Texturized Thin Hair
Q: I have fine, thin hair that has been cut in layers for years. I've been asking my stylist if we let the layers grow out if it would look thicker. Logic tells me it would. Yesterday, as she was trimming it, she texturized it using texturizing scissors.
I think it looks thinner than ever now! I haven't said anything to her yet, as I'm trying to try different styling techniques first. Though the longest layer is shoulder length, I'm ready to cut it off a few inches to make it look thicker now. I could just cry. Did she make an error in judgement?
The stylist may not be able to give the client everything she wants for her hair (some clients have unrealistic expectations) but a part of the stylist's job is to educate the client regarding his/her hair and help them to understand what can and cannot be done. If you are unhappy with what the stylist has done, then she hasn't explained herself clearly or hasn't listened to your objections.
Not being able to see your hair to judge the texture and density for myself, I can't offer a second opinion on the way she cut your hair. I can only give you general information about fine, thin hair. I suspect that the reason for adding layers to your hair is to give more volume to your hairstyle. This would give the appearance of having more (and thicker) hair provided you have some wave to your hair initially.
There is also the possibility that the layers are meant to accommodate other aspects of your face or build. If your face is angular (square, triangular, diamond-shape, etc.) the layers may have been chosen to soften these features. It could also simply be a matter of trying to offer as much volume as possible to balance your head size or build.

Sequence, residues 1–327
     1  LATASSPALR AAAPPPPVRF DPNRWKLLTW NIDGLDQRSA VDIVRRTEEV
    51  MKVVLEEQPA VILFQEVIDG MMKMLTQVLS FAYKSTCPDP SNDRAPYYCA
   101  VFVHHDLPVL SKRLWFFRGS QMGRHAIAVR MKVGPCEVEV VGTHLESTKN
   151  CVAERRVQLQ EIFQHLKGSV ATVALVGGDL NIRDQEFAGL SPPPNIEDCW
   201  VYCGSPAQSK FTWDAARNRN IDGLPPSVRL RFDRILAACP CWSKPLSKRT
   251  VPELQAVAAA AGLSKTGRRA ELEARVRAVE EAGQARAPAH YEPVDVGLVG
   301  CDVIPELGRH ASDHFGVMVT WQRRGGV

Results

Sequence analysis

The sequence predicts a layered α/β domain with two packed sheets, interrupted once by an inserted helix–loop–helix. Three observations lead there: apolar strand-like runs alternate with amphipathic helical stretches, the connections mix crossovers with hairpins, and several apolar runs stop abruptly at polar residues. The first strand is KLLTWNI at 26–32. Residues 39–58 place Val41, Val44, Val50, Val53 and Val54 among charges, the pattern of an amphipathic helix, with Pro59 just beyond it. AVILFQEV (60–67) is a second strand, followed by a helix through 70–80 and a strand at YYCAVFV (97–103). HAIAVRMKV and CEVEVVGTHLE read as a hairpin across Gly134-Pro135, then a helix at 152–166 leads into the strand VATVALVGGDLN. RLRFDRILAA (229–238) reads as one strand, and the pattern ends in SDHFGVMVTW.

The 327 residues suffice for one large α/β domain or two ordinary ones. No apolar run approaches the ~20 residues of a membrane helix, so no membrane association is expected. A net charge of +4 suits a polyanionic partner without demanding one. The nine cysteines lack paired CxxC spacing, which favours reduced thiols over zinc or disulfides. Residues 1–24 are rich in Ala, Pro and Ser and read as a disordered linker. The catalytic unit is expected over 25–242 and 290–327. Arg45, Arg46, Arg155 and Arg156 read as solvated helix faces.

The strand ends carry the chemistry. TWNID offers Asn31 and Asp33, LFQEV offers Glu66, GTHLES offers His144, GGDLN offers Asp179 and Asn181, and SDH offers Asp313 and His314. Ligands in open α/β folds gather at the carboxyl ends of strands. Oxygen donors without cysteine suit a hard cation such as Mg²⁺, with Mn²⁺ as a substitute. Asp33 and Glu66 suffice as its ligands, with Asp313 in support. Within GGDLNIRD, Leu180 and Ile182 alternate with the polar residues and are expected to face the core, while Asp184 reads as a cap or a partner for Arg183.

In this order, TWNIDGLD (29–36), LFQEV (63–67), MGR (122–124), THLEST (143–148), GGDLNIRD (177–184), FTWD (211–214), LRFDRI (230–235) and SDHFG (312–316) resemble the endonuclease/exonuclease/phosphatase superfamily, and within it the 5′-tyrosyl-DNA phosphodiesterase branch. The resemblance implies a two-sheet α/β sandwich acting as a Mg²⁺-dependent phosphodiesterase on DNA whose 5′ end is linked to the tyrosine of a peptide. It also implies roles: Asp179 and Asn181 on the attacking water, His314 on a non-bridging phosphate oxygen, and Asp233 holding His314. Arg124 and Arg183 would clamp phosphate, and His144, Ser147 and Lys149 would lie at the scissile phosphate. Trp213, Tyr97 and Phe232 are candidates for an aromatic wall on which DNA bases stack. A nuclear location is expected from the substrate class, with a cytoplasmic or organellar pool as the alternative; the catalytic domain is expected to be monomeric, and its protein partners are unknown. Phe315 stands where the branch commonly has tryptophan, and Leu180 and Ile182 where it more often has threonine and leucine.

Your logic is correct in that in many cases blunt hairstyles will appear thicker at the ends. I can't say that a blunt haircut would be best for you, because there are many factors to be considered. However, it is possible that cutting off a few inches may make the hair appear thicker, especially if you have a natural wave to your hair. The loss of the weight to your hair will allow for more fullness.
The bottom line in your situation is this: You need to decide whether to continue with your current stylist or find someone new. If you feel that your problems with the stylist are that you simply haven't clearly communicated what you want, then I urge you to be more assertive.
Sometimes, we get comfortable with our stylist and are afraid to "rock the boat" so to speak. Likewise, a stylist can become too comfortable with a client and begin to pay less attention to his or her input feeling that they understand the client's wants and needs sufficiently.
However, if you feel that the stylist simply isn't listening to you anymore, you should consider finding a new stylist. Be sure with the new stylist that you explain everything you have been dealing with regarding your old stylist and what you want from your hair. Make sure you discuss all your concerns before the stylist touches his/her scissors. A good stylist will take all the time you need to make sure you and he/she are on the same page regarding your wants, needs and what is possible with your hair.
I wish you all the best.
Photo: Yellow Cat/Shutterstock
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